The Magical Sigil from DnD, a purple-like flower adorned in gems and gold strands.
Image via Wizards of the Coast

How Concentration works in DnD 5E

Lemme think on that.

In Dungeons & Dragons 5E, spellcasting is the strongest class ability that any character can ask for. The vast array of spells you have access to can solve so many problems, both in and out of the battlefield. However, concentration is a property that many spells share. Knowing how concentration checks work when you have to make a concentration save, and what you should do to improve that save is critical.

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Concentration is a quality that spells—like Shield of Faith—have listed on their duration. This has some specific restrictions and puts you in the “concentrating” state. If you’re not quite sure what interrupts this state, what you have to do to maintain the state, and why you need to care about a good balance between normal spells and concentration spells, then we can give you the run-down!

When do you use concentration checks in DnD 5E?

A 5E spellcaster only concentrates if they have successfully cast a spell with the word “concentration” in their duration, or if an ability specifies that it functions identically. While you are concentrating on a spell, up to the duration listed, you can only cast spells without “concentration” in the duration.

In addition, if you take damage while concentrating on a spell, you must roll a Constitution saving throw with a DC of 10 or half of the damage (whichever is higher) or the spell immediately ends. You can end this type of spell for free by casting another spell with “concentration” in the duration or getting killed.

Let’s try an example. Bardin, a level one Cleric, casts the Shield of Faith spell on himself. While he has Shield of Faith cast, he can cast cantrips like Sacred Flame or spells like Healing Word without issue. He can also move, make weapon attacks, interact with objects, talk with others, or do most other actions without a problem, either. However, there are a few situations that will make him lose the Shield of Faith:

  • If he casts Bless, another spell with “concentration” in the duration, he loses the Shield of Faith. The Bless overrode his concentration on Shield of Faith. This also functions for any cantrip with the quality. Guidance, for instance, would override Shield of Faith.
  • If he takes damage, he must make a Constitution saving throw. The DC is 10 or half damage, whichever is larger. For instance, if he took 4 damage, he makes a Con save at DC 10. If he took 22 damage, it would be DC 11.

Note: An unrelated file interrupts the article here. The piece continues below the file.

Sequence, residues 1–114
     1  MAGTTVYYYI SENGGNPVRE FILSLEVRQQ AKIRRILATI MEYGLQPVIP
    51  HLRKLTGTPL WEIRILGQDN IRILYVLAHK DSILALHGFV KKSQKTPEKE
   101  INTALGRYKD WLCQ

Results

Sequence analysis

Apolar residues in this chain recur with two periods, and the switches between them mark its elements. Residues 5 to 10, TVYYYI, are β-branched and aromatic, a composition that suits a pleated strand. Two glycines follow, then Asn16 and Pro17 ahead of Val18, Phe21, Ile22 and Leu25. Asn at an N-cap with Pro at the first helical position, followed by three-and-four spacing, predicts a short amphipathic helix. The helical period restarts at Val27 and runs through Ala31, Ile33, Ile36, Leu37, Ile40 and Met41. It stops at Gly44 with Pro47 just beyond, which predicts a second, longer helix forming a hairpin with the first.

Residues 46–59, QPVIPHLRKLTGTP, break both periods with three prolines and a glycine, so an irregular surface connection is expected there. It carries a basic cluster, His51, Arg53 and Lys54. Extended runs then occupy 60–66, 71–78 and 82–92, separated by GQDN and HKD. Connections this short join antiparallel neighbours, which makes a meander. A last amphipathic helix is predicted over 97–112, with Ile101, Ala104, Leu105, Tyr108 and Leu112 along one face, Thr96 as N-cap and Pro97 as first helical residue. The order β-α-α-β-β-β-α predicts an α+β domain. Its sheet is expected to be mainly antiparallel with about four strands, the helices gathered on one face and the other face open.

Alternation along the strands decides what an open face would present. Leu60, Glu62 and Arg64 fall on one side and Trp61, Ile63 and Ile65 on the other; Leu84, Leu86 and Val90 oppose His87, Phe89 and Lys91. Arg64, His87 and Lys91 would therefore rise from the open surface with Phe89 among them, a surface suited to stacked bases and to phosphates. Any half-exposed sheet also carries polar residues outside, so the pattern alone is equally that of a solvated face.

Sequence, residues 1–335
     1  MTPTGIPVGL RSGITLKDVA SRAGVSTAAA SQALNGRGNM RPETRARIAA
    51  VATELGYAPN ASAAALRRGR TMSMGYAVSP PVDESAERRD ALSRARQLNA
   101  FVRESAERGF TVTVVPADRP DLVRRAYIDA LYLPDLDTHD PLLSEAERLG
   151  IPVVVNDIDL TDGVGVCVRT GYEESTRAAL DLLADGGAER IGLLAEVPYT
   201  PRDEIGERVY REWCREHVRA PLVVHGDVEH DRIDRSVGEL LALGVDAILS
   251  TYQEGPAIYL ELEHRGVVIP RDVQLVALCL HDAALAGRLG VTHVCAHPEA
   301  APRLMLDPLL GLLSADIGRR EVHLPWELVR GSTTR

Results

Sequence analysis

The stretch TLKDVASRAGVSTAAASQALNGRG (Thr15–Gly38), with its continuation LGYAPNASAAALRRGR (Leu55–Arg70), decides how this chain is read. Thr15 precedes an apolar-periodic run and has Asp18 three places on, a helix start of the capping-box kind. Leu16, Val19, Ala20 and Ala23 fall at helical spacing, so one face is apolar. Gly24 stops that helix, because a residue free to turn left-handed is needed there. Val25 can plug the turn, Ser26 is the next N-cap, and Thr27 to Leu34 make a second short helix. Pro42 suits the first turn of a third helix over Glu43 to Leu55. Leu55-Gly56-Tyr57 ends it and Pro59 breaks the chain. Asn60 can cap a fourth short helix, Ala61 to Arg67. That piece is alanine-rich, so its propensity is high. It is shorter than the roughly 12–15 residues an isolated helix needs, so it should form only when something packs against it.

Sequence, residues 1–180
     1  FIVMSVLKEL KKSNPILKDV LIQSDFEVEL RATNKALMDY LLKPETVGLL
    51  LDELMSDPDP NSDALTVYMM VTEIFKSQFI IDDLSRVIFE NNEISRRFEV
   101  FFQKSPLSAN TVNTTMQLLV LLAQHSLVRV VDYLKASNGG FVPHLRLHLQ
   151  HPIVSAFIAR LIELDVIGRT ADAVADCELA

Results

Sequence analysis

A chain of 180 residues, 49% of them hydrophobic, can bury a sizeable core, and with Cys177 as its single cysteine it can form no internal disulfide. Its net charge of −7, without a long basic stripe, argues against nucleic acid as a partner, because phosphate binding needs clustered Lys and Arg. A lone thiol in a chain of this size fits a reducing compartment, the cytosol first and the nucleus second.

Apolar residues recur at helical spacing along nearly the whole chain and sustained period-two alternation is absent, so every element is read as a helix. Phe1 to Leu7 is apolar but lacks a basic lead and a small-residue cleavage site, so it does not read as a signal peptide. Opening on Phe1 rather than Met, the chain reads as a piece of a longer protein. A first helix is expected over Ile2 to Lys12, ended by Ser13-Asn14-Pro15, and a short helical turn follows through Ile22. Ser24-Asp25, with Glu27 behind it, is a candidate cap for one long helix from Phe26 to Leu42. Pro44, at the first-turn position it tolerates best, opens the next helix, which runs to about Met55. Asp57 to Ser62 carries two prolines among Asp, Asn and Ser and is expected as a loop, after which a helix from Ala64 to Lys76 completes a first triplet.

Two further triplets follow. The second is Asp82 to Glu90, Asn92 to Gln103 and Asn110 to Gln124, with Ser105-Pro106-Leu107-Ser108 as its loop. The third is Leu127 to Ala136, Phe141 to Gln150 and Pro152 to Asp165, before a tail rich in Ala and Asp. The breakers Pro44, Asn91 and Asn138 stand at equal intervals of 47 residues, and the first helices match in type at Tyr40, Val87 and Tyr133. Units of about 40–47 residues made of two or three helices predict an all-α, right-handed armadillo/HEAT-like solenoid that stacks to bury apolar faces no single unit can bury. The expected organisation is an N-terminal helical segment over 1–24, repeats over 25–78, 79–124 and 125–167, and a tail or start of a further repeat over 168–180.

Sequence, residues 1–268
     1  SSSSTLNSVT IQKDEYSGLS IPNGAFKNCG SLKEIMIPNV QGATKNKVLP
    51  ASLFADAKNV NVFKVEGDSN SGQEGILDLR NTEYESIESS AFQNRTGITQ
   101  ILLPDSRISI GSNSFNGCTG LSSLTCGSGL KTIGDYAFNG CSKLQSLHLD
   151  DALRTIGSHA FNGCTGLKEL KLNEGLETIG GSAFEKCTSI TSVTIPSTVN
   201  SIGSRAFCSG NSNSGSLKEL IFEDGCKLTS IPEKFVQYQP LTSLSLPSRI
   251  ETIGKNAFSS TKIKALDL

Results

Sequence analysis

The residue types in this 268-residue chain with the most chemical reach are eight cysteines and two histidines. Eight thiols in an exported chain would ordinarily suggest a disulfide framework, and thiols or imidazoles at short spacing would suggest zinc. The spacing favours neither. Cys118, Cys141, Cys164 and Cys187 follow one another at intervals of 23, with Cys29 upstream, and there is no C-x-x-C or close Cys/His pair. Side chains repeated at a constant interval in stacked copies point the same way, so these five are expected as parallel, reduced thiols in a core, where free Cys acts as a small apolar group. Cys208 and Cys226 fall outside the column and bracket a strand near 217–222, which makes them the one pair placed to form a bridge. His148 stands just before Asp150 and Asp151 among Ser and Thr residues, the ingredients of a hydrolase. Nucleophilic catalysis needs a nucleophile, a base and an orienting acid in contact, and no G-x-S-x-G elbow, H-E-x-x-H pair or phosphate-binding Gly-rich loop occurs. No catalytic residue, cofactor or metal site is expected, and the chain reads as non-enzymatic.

• If he is killed, he can no longer concentrate. Even if he was to cast a healing spell that he was concentrating on, once he runs out of HP, it doesn’t matter. That’s going away immediately!
  • If the environment is extreme, he may be asked to make a Constitution save. For instance, if he was trying to maintain concentration on Bless while a tornado rips a tree from the ground 50 feet from him, Bardin’s DM would probably have him roll a DC 10 or more Constitution saving throw.
  • If he wants to. He can stop concentrating whenever he’d like. It’s not an action. In fact, anyone can end a spell with duration “concentration” at any time, including during another character’s action!
    • For instance, Bardin is pretending to betray a party member by casting Hold Person on them and letting an Orc “execute” them. Just before the DM declares an attack, Bardin drops concentration, ending the Hold Person immediately. The party member is not paralyzed when the Orc attacks because the spell ended before the action was performed.

These are the only four situations that you will ever have your concentration in jeopardy. Of them, the most common by far—unless you feel the need to swap your concentration spell, of course—is taking damage.

Because of this, if you really want to maintain concentration in 5E, you have to have a good Constitution saving throw.

Ways to improve concentration save in DnD 5E

The most common way to improve your concentration save in 5E is through your Constitution save. Having a higher Constitution and being proficient in the saving throw is important. However, after that, feats are your best friend! There are also a few class features that prevent damage and thus bypass the save altogether.

Related: What are Saving Throws in Baldur’s Gate 3?

If your class does not begin play with Constitution saving throw proficiency, then don’t worry: it is a fairly normal save for a class to miss out on. You can rally by starting with a higher Constitution score. In addition, early on, a DC of 10 is very likely to work out in your favor!

Even with a +0 in Constitution, there’s a 55 percent chance that you succeed this check on a hit that deals 19 damage or less. With a +2 in Con, that’s a 65 percent chance!